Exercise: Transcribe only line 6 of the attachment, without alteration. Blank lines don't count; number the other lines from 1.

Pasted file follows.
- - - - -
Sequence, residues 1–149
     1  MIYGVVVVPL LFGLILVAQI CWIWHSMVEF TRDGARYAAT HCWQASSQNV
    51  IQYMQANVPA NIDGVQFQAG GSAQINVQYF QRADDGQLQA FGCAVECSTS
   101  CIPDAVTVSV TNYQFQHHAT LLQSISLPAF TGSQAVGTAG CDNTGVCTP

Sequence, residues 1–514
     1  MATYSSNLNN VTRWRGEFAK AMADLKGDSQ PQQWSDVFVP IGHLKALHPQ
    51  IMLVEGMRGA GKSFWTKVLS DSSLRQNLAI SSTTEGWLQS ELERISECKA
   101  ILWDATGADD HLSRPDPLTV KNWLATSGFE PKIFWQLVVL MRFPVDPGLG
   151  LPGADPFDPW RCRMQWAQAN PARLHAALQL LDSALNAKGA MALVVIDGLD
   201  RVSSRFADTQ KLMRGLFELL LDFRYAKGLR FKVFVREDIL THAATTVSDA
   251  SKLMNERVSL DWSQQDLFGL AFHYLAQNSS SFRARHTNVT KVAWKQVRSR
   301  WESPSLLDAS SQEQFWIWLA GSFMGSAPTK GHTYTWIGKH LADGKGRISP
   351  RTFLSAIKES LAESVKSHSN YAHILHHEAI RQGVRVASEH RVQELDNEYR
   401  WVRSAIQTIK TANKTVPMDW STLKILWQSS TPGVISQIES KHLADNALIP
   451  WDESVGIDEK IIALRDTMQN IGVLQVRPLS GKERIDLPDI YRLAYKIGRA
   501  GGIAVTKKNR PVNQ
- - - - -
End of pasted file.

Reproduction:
     1  MATYSSNLNN VTRWRGEFAK AMADLKGDSQ PQQWSDVFVP IGHLKALHPQ